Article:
By Artemio Dumlao (The Philippine Star) – The Philippines ranked 8th in the list of the “World’s Friendliest Countries” in the “Expat Explorer Survey 2011” conducted by banking giant HSBC, it was reported on the website of Forbes magazine.
The survey showed that hospitality is the greatest asset of the Philippines in the tourism industry.
The survey conducted in 100 countries worldwide between May and July 2011 rates countries based on the preference of expatriates to make them “their second home.”
The 15 friendliest countries in the world, starting from the highest rated, are New Zealand, Australia and South Africa, Canada, United States, Turkey, United Kingdom, Philippines, Spain, Malaysia, Brazil, Italy, Mexico, Singapore, and France.
Expatriates perceive the Philippines as a country that “is friendly on wallets,” with 47 percent of the respondents reporting “an increase in access to luxuries” such as domestic staff, swimming pools, and owning properties.
In the survey, the Philippines trails behind United Kingdom where expatriates find integration into the community to be relatively easy, though expressing concerns on the high cost of living.
The Philippines ranks ahead of Spain where expatriates “fit in well,” many of them reporting to have integrated well into their community, enjoyed the local culture, made friends, learned and used the language, and have experienced a better work-life balance than in their home countries (which included the UK, US, France, and the Netherlands.)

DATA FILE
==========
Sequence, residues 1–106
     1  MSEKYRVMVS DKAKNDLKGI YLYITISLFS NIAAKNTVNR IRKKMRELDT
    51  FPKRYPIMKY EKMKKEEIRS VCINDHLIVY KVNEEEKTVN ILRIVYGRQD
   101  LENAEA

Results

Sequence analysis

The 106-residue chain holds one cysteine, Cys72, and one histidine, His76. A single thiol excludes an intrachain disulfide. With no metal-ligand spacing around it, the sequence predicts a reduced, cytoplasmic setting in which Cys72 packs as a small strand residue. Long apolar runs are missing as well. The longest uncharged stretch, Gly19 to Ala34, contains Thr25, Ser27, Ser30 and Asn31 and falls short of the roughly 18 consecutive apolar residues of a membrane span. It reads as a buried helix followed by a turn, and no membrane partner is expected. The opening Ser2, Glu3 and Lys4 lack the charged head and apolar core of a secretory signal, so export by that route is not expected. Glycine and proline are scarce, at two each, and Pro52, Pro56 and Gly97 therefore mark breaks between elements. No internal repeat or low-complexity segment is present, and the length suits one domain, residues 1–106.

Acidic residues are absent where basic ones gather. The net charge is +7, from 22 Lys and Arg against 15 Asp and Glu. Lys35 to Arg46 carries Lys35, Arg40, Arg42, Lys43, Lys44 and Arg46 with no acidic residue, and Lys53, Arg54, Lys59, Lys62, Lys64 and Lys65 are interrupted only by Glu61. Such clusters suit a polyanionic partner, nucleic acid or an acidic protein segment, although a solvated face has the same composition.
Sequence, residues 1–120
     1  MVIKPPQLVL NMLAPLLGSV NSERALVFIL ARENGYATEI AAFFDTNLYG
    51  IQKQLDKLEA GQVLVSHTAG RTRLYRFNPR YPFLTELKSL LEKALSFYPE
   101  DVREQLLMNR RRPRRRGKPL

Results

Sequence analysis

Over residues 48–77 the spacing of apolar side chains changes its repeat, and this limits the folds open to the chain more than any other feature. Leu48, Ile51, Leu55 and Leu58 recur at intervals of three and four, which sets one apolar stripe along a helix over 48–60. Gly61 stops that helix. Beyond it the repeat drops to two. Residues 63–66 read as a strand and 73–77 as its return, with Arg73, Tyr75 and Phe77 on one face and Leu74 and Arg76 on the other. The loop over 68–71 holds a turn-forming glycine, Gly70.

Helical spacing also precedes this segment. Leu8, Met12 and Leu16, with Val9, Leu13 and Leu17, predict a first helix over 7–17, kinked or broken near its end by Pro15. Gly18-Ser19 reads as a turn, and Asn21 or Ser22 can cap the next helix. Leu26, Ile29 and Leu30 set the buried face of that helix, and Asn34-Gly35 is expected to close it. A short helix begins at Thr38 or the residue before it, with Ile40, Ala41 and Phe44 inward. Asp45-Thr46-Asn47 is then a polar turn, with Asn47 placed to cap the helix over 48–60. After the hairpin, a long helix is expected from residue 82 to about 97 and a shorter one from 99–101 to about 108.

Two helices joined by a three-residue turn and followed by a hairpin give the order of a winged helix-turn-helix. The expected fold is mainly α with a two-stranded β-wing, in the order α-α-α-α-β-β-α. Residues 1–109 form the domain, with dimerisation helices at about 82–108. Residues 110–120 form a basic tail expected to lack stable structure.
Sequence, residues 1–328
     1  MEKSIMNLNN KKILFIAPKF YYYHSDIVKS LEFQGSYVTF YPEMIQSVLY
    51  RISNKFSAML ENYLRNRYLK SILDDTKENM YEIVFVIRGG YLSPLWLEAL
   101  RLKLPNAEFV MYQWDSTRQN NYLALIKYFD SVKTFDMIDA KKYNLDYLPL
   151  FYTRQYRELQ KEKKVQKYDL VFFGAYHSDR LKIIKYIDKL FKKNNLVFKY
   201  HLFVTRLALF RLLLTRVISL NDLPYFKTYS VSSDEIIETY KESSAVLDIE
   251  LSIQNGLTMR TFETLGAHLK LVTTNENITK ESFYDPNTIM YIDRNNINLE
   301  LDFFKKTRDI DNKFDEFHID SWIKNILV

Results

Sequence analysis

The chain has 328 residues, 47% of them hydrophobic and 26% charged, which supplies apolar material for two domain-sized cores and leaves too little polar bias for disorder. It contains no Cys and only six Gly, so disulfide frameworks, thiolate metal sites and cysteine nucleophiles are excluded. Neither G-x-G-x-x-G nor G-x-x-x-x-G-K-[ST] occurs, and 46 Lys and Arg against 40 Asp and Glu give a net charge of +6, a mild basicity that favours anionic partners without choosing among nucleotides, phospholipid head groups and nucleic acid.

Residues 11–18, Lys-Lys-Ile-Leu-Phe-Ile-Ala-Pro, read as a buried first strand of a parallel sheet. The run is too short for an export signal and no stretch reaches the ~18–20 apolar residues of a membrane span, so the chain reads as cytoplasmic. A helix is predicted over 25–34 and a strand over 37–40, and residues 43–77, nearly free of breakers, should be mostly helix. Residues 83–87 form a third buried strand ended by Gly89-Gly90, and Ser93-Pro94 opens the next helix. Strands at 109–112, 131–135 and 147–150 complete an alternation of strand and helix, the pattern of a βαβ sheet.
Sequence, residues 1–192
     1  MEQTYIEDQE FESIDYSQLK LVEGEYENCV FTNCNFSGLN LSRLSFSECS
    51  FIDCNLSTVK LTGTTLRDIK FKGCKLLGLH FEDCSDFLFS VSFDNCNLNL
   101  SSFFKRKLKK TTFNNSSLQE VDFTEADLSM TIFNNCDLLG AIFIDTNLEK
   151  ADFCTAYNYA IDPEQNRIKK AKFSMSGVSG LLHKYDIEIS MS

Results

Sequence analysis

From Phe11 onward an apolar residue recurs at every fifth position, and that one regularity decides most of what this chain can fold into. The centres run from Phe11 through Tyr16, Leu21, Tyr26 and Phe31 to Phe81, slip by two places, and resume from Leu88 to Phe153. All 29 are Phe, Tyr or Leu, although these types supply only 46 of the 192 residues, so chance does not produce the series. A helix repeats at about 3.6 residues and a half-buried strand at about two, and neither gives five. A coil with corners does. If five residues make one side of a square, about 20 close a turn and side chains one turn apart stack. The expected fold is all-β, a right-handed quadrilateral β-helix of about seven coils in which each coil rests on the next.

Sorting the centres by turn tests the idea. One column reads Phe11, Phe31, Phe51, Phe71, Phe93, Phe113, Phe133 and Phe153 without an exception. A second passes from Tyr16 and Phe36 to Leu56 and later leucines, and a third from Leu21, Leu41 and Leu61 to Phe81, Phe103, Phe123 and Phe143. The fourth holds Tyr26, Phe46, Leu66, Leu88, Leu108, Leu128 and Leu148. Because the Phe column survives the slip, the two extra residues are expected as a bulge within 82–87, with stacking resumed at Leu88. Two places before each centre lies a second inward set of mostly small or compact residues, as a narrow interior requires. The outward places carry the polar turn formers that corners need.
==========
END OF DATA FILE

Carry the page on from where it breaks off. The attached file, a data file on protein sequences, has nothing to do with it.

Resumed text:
HSBC surveyed 3,385 expatriates in 100 countries but only 31 were ranked for the survey. This is because countries with fewer than 30 respondents were deemed statistically insignificant.
Bermuda, which ranked highly last year, was not included in the list this year because it had too few respondents.
Countries were rated in four categories: ability to befriend locals, success in learning the local language, capacity for integrating themselves into the community, and ease in which they fit into the new culture.
These factors, according to New York-based coach for expatriates Heather Markel, are “among the biggest challenges when relocating.”
On top of the survey is New Zealand, Australia and South Africa where it is “easiest to befriend locals, learn local language, integrate into the community and fit into the new culture.”
New Zealand scored highly in all four categories. Seventy-five percent of the respondents reported that they integrated well into the local community. In this criteria, Australia scored 77 percent while South Africa scored 79 percent.
New Zealand natives “seem like happy people, and that translates into friendly, helpful and kind people,” American expatriate Kim Brinster was quoted in the survey.
Brinster, who owned a bookstore in New York City, relocated to Waiheke Island, off Auckland to be with her New Zealander partner.
She also admires the Zealanders’ “pitch-in-and-help mentality” as well as the navigable government and health care systems.
The United Arab Emirates was rated as the least friendly country for expatriates, while countries that are most challenging for expats were Saudi Arabia, Qatar, Russia and India.
India was ranked in the last place for the second year in a row. Survey respondent Pia Mollback-Verbic, originally from Denmark, was quoted as saying that India “is simply a minefield of relentless mental, emotional and practical daily challenges for most non-Indians.”
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